Community Research and Development Information Service - CORDIS

Light control in novel photonic structures

The ability to control and manipulate the structure of light itself – i.e. tailoring features that are smaller than the light wavelength and tune them in space – has been the subject of intense research lately. EU-funded scientists have enhanced knowledge on how the light field is distributed in extraordinary, yet poorly explored photonic structures.
Light control in novel photonic structures
Over the last decade, actively controlling optical fields in various photonic media has been of great interest for both fundamental and applied research. With their capacity to split, bend and store light, new kinds of photonic media, including photonic crystals, metamaterials or plasmonic materials, are endowing light with new degrees of freedom. For example, it is possible to study a range of complex light patterns such as accelerating beams, non-diffracting beams, light-carrying optical vortices and orbital angular momentum that paves the way to exciting applications in communication systems, quantum information and on-chip signal processing.

Within the EU-funded project STRUCTURED LIGHT (Structured light in photonics media), scientists successfully managed to control light in fundamental new ways. The focus was on demonstrating propagation properties of light when trapped in topological insulators, travelling in curved space or under artificial gauge fields.

Quasicrystal lattices served as a new photonic medium to study propagation of light in topological insulators. With a focus on studying edge-state transport, scientists showed that it is possible to store, release and scatter topological edge states into flat bands that enable new ways to control topological light. Topological protected transport was also demonstrated in photonic lattices with space-time reflection symmetry. Based on these findings, scientists proposed the first topological lasing system, which is a major step in integrating topological properties to optical devices.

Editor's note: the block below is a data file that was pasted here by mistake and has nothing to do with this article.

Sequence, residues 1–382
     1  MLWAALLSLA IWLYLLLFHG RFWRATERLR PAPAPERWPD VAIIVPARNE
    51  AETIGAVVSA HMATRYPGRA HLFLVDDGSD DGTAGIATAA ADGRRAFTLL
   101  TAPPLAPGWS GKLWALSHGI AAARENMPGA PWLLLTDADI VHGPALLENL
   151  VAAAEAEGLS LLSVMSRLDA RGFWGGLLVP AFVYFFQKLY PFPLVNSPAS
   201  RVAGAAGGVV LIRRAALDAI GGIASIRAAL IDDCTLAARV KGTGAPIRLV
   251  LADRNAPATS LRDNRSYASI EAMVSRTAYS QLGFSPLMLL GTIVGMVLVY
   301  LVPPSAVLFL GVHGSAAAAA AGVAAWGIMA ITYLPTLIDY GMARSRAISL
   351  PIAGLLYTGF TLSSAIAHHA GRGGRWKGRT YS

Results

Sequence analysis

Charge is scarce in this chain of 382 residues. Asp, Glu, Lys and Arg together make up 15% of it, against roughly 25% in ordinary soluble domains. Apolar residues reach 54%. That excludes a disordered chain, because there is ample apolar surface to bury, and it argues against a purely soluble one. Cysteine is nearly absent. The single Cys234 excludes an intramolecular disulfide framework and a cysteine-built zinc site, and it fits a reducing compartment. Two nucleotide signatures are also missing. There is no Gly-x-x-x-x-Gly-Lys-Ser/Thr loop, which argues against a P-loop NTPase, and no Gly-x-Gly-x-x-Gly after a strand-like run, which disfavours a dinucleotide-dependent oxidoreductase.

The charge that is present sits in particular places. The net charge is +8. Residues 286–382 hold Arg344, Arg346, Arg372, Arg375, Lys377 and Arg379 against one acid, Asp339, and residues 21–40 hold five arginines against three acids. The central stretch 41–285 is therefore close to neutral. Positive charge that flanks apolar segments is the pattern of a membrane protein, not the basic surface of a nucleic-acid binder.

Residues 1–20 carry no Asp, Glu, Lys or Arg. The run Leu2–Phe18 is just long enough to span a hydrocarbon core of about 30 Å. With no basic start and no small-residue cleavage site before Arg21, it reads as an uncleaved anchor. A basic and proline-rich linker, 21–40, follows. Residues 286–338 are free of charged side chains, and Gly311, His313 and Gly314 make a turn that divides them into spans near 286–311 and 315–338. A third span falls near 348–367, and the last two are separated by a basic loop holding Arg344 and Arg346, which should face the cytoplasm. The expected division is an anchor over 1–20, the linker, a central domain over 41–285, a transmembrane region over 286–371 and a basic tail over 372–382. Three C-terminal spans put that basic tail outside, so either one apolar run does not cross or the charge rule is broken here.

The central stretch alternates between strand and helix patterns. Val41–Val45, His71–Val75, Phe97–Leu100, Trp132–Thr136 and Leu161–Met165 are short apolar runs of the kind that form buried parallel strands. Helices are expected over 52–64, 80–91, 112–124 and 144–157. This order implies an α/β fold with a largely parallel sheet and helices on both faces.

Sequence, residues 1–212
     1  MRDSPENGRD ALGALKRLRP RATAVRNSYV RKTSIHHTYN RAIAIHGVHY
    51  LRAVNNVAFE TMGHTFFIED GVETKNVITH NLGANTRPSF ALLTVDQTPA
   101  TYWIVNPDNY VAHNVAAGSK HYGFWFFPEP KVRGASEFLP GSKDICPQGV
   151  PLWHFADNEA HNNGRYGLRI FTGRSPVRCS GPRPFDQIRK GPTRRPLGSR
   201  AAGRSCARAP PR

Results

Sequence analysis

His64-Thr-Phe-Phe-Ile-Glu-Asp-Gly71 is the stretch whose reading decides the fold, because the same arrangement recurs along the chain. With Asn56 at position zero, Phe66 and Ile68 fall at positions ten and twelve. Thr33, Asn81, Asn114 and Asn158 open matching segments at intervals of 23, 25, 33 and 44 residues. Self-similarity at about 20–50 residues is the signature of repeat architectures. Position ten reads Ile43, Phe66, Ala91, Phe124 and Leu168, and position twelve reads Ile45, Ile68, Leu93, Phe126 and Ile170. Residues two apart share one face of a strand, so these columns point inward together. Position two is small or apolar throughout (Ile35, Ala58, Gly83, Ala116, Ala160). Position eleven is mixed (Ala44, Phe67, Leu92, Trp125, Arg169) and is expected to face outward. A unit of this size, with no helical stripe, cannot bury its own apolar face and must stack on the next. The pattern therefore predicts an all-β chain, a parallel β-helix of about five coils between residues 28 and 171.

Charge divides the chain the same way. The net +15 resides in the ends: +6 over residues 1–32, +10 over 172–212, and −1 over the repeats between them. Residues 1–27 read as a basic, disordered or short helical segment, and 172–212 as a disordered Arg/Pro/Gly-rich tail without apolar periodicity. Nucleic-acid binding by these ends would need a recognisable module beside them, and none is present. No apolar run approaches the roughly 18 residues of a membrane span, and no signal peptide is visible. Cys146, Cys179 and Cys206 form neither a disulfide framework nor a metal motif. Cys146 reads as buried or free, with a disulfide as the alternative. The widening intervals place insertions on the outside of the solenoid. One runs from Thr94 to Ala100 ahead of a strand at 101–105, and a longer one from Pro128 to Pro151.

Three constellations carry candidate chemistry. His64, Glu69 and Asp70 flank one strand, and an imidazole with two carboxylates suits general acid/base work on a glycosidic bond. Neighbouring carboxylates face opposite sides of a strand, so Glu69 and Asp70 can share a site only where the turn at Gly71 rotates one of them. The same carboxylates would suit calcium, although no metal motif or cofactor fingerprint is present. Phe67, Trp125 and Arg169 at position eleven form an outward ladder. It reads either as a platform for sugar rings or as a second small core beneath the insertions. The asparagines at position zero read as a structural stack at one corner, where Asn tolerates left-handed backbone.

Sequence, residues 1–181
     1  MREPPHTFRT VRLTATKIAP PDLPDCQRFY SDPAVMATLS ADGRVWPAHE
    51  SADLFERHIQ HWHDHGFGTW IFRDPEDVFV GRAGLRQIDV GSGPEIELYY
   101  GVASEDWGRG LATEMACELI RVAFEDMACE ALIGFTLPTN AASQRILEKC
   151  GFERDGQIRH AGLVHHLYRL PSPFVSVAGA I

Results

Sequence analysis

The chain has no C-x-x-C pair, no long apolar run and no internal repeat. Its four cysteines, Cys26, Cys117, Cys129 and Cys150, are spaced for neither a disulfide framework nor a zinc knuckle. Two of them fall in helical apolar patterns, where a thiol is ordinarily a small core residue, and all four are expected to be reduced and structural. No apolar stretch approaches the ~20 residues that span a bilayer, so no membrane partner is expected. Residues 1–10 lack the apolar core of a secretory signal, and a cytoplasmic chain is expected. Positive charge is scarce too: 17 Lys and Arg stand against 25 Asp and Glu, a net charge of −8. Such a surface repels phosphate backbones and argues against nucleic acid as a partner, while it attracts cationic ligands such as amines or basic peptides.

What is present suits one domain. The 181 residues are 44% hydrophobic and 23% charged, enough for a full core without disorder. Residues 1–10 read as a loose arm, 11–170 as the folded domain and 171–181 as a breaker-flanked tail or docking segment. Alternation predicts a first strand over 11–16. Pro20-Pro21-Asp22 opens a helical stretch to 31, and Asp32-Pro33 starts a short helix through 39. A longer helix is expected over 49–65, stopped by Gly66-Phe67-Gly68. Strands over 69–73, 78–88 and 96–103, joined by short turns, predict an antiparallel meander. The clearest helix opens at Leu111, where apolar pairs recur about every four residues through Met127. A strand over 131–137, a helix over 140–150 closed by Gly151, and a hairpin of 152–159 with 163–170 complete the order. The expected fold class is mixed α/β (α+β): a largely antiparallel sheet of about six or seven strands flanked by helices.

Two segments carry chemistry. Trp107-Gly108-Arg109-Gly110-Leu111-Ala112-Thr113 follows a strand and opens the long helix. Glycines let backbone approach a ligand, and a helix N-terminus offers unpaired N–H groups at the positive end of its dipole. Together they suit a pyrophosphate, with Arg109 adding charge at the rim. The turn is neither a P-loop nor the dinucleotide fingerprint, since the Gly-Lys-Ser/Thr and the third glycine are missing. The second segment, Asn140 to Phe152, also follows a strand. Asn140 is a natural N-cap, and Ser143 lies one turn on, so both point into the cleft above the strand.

Using spherical surfaces, the team demonstrated how light propagates in curved spaces. Non-diffracting light beams with accelerating lobes propagated on trajectories that are totally different from a straight line from a point A to a point B. Scientists also showed that by manipulating the curvature of a new class of 3D nanophotonic structures they can gain control over the light trajectory, the diffraction rate, and the phase and group velocity.

For the first time, scientists have shown how light propagates in composite structures under artificial gauge fields. This new scheme of optical waveguide makes it possible to confine and manipulate light on chips.

Overall, the STRUCTURED LIGHT team investigated innovative optical nanostructures that enable the control and manipulation of light. Project findings are providing new opportunities for a range of applications such as information and communication systems, microscopy and micromachining.

Related information


Life Sciences


Light control, photonic structures, STRUCTURED LIGHT, topological insulators, artificial gauge fields
Follow us on: RSS Facebook Twitter YouTube Managed by the EU Publications Office Top